Treasury distributes $1.5 billion in rental assistance as eviction moratorium looms


With a federal ban on evictions scheduled to expire at the end of the month, the Treasury Department is set to announce Wednesday that it has distributed over $1.5 billion in rental assistance across the country in the last month — more than in the last five months combined, according to an administration official. States and cities have struggled to distribute funds to tenants and landlords, and the news comes as the White House is slated to hold its second eviction prevention summit later on Wednesday.

More than $11 million Americans — 16% of renters — are still behind on their rent payments, according to analysis by the Center on Budget Policy and Priorities. In the early days of the pandemic, the Centers for Disease Control and Prevention implemented an eviction moratorium, but it’s scheduled to expire on July 31, adding a sense of urgency for those who are eligible for assistance but have yet to receive it.

Congress approved more than CBS News for both tenants and landlords, but getting it into their hands has proved challenging. Exact amounts renters and landlords can receive depend on their income and where they live, but renters could get enough to cover rent from as far back as March 13, 2020, unpaid utilities and even, in some cases, future rent.

However, many states and cities didn’t have the infrastructure in place to distribute the funds, and struggled to piece together systems to dispense it. By the end of May, only a fraction of the money had gone out. Housing activists told CBS News earlier this month that further delays could lead to a historic wave of evictions in the coming months.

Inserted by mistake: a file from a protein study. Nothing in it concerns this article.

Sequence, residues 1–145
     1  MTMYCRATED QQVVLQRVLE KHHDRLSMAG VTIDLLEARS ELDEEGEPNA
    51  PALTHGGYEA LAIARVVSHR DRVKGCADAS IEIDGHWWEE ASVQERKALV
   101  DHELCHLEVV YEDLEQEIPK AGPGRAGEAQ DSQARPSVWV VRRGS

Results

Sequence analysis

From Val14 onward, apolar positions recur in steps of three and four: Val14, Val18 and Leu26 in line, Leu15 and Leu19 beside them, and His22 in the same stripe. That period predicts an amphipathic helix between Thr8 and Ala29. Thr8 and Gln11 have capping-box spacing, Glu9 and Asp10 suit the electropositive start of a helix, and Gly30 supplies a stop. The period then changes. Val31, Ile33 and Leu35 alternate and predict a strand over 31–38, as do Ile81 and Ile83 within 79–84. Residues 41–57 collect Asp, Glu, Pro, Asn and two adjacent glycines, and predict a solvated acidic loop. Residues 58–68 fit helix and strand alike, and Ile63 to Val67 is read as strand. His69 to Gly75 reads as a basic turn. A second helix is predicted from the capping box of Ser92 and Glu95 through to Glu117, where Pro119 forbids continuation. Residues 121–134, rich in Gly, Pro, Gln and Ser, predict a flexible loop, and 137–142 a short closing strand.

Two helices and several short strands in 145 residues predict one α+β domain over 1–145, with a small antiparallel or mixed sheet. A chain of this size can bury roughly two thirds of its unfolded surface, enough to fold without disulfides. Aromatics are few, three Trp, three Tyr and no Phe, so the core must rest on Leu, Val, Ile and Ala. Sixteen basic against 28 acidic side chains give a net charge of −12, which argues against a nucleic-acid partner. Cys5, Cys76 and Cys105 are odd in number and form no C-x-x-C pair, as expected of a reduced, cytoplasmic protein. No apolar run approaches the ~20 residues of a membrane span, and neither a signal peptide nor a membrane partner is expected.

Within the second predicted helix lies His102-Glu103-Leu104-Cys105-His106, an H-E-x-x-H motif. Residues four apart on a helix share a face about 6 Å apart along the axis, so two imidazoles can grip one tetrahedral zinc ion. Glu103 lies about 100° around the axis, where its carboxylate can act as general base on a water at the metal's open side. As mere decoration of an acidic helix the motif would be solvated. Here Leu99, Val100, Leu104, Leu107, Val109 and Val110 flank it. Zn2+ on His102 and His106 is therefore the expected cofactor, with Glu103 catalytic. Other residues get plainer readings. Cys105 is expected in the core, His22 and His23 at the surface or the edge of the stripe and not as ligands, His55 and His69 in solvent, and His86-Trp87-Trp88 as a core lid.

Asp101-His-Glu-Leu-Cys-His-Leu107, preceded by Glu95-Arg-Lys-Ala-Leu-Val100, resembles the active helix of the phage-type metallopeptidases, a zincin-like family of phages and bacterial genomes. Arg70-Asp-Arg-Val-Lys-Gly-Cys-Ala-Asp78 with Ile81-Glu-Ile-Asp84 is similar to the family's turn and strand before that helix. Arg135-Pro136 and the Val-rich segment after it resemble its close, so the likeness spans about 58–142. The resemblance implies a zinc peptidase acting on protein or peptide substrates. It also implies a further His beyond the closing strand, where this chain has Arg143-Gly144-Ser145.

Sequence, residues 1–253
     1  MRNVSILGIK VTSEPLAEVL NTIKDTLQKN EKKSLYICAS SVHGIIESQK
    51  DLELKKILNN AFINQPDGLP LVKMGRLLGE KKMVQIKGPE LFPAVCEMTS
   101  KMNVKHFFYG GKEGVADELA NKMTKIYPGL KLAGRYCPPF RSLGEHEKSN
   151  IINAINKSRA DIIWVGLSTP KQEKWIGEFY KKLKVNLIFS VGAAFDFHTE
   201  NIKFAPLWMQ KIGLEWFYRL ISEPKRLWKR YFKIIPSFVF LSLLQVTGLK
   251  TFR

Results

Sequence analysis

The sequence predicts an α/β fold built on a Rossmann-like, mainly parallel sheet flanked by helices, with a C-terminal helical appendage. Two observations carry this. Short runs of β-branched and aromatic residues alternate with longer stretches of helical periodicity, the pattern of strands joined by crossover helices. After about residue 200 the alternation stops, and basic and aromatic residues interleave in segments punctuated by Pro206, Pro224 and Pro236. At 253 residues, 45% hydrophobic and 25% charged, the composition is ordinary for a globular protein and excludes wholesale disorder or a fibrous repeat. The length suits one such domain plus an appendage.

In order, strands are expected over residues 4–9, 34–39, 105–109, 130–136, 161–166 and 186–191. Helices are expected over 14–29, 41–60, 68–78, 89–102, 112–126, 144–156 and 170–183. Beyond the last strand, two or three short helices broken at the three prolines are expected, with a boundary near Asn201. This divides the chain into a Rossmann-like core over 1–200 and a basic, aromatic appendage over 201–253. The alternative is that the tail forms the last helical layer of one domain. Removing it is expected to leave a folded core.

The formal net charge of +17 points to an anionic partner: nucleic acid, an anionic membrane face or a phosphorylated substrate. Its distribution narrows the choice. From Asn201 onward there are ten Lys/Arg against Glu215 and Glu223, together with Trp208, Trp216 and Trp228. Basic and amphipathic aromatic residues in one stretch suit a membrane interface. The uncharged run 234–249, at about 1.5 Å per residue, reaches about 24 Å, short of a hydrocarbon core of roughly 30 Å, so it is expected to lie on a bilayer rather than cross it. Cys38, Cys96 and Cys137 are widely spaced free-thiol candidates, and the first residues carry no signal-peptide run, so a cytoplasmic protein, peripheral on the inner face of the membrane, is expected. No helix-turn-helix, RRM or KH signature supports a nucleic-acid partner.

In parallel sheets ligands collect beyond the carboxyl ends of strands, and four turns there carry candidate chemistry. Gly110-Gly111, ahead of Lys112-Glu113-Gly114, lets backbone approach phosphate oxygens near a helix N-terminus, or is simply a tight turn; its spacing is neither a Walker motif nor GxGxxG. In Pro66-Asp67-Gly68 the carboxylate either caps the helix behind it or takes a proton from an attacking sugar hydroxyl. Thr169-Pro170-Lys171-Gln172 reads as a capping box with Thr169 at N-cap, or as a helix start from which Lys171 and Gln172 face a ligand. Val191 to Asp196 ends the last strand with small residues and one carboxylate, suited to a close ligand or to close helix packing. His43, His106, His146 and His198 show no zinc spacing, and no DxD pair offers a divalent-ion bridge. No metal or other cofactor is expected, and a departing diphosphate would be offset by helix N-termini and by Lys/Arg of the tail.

But the new Treasury Department data, obtained by CBS News, shows that more than $1.5 billion in assistance was delivered to eligible households in the month of June alone — an 85% increase from the previous month, and nearly triple the amount distributed since April. Administration officials point to this as a pivotal sign of progress in the program and an indication that once local communities establish a system for handling the money, they’re able to distribute it quickly.

Both rents and home prices have skyrocketed in recent months, especially as the spread of the Delta variant has spooked markets and investors. Many states have implemented their own patchwork protection plans for vulnerable renters, either extending their own eviction moratoriums or improving legal access for tenants facing evictions. And administration officials say they recognize that the federal money still isn’t flowing quickly enough in many places.

Wednesday’s White House summit will convene over 2,000 local officials, landlord and tenant advocates, legal experts and other participants from 46 cities, according to a White House official, in an effort to answer questions and raise awareness about emergency rental assistance and eviction prevention strategies. Speakers are expected to include Milwaukee Mayor Tom Barrett and Louisville Mayor Greg Fischer, both of whom have led eviction prevention programs in their cities. 

The CDC’s eviction moratorium has been extended several times, but the July 31 expiration date is expected to be final. Administration officials say they hope the summit will give local officials, courts, legal advocates and community organizations a plan to prevent the deadline from turning into an eviction crisis.



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